Britain Current Affairs - 2019

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International Nurse’s Day observed on May 12

International Nurses Day was observed globally on 12 May 2019. It is celebrated every year on birth anniversary of Florence Nightingale, the foundational philosopher of modern nursing.

About International Nurses Day

  • Background: The first proposal for Nurses Day was made in 1953, by an officer with US Department of Health, Education and Welfare Dorothy Sutherland and first proclaimed by President Dwight D Eisenhower. In 1965, it was first celebrated by the International Council of Nurses (ICN). Later, in 1974 ICN established 12 May as International Nurses Day, to be celebrated every year to highlight important role played by nurses in providing best healthcare services.
  • Aim: It is celebrated to honour, contributions made by nurses in societies around the world.
  • Organised: It is organised each year by the International Council of Nurses, which is group of more than 130 national nurses associations, with headquarters in Geneva, Switzerland.
  • Role played by Nurses: IND acknowledges various roles played by nurses which includes providing and managing personal care and treatment, working with families and communities, & playing a central part in public health & controlling disease & infection.
  • Theme for International Nurses Day 2019 was “Nurses – A Voice to Lead – Health for All”. This year the Nurses Day coincided with Mother’s Day.

About Florence Nightingale

  • She was a British national and born on 12 May in 1820.
  • She was a reforming spirit in nursing who organised nursing for wounded and sick soldiers, at the same time served as manager and trainer of other nurses during Crimean War in 1850s.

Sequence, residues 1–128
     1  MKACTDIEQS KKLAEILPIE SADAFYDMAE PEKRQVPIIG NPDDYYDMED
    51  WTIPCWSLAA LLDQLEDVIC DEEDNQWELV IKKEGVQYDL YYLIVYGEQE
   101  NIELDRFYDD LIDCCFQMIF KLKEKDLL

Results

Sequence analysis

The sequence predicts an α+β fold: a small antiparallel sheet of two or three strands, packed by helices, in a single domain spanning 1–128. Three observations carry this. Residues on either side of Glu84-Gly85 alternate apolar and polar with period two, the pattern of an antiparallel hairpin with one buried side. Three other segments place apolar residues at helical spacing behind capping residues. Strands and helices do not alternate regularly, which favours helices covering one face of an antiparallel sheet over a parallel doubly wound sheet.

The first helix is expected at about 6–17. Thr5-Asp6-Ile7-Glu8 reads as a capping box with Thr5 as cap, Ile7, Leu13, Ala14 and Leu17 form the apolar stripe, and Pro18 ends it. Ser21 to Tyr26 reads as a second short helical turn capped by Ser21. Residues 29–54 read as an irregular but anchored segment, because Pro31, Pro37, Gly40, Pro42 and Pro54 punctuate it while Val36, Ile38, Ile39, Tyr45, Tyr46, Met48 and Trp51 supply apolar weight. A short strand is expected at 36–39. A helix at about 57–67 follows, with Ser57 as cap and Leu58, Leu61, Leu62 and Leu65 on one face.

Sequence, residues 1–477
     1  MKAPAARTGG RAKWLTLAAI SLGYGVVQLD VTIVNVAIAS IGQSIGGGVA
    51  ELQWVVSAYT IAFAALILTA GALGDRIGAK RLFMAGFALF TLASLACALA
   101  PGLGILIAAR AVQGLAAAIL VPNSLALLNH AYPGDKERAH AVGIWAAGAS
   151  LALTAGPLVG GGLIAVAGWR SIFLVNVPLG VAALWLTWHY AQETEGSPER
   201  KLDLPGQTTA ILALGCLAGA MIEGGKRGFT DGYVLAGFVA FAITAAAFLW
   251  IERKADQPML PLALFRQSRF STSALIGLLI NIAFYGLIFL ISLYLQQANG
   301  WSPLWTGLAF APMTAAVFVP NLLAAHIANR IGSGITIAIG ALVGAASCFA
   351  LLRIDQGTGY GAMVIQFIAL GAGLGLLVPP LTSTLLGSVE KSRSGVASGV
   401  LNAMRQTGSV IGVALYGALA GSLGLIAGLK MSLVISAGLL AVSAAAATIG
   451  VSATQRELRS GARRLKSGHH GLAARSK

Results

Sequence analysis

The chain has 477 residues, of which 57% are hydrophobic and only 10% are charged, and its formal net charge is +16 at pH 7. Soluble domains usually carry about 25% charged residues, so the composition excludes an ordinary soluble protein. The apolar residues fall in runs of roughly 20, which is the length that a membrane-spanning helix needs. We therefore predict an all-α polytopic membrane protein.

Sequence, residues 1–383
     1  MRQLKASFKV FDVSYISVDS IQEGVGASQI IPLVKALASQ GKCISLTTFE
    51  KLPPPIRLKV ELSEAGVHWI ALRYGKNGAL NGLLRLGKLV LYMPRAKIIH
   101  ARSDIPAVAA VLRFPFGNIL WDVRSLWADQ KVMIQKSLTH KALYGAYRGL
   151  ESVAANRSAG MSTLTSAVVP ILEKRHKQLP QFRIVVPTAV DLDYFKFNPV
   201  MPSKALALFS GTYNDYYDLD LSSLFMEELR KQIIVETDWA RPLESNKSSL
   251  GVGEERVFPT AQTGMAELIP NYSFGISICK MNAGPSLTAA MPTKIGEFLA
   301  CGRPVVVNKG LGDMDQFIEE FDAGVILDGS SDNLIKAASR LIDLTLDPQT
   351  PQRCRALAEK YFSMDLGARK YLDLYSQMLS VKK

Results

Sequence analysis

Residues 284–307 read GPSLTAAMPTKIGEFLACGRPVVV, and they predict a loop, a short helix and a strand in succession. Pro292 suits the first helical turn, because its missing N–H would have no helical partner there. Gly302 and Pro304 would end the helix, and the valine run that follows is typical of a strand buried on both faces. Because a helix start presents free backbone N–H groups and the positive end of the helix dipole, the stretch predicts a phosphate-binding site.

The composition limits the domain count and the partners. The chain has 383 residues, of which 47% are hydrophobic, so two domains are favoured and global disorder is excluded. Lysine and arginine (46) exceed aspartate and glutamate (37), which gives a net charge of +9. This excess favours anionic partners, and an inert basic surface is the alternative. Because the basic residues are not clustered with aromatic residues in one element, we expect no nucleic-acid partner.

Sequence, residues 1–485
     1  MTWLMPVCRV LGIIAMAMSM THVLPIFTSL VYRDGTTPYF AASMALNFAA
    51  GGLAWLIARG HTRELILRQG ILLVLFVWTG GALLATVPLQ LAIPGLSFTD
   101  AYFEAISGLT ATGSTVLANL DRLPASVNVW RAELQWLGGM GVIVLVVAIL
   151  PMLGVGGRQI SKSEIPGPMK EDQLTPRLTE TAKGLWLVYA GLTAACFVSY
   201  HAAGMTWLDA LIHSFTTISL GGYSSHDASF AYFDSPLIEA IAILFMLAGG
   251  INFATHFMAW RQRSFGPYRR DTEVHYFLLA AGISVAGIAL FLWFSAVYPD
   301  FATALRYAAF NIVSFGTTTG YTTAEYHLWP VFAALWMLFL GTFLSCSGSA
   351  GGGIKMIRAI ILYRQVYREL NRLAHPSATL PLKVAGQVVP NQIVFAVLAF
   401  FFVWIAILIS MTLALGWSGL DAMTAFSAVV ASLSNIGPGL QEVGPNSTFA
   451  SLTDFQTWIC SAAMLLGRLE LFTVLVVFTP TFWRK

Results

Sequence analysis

• She is also known as ‘Lady with the Lamp’. Moreover, her far-sighted ideas and reforms have greatly influenced modern healthcare.

Achievements

  • She established ‘Nightingale Training School’ at St Thomas’ Hospital. It was first professional training school for nurses.
  • She established ‘School of Midwifery nursing’ at King’s College Hospital because she believed that specialist midwifery nurses are needed. This later became a model for the country.
  • She has published more than 200 books, reports and pamphlets on hospital organization and planning. These are widely read and respected even today.
  • She is credited for inventing the pie chart and later on became first woman to be elected to Royal Statistical Society (RSS).
  • In 1909, she received ‘Freedom of the City of London’ award, and became first woman to whom it was awarded.

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G D Robert Govender conferred V K Krishna Menon award 2019

G D Robert Govender, an Indian–origin journalist in South Africa was honoured with V K Krishna Menon Award 2019 in United Kingdom for his contribution as pioneer of decolonised journalism. He became first person to be honoured with this award posthumously. The award was given by ‘V K Krishna Menon Institute’ on 123rd birth anniversary of renowned Indian diplomat and politician V K Krishna Menon.

About G D Robert Govender

He was born in South Africa in August 1930. During his career in journalism spanning nearly 60 years, he had developed international repute as campaigning journalist and author and was also first journalist to call for international boycott of whites-only sports teams of South Africa.

His books include ‘The Martyrdom of Patrice Lumumba’ which had exposed role of Western intelligence agencies in murder of Congolese independence leader.  He died in London, UK in 2016.

About V K Krishna Menon

He was India’s first High Commissioner to Britain (United Kingdom). He served as Defence Minister of India from April 1957 to October 1962. He holds the record for longest speech (8 hours) before UN Security Council (UNSC) while defending India’s sovereignty over Kashmir.

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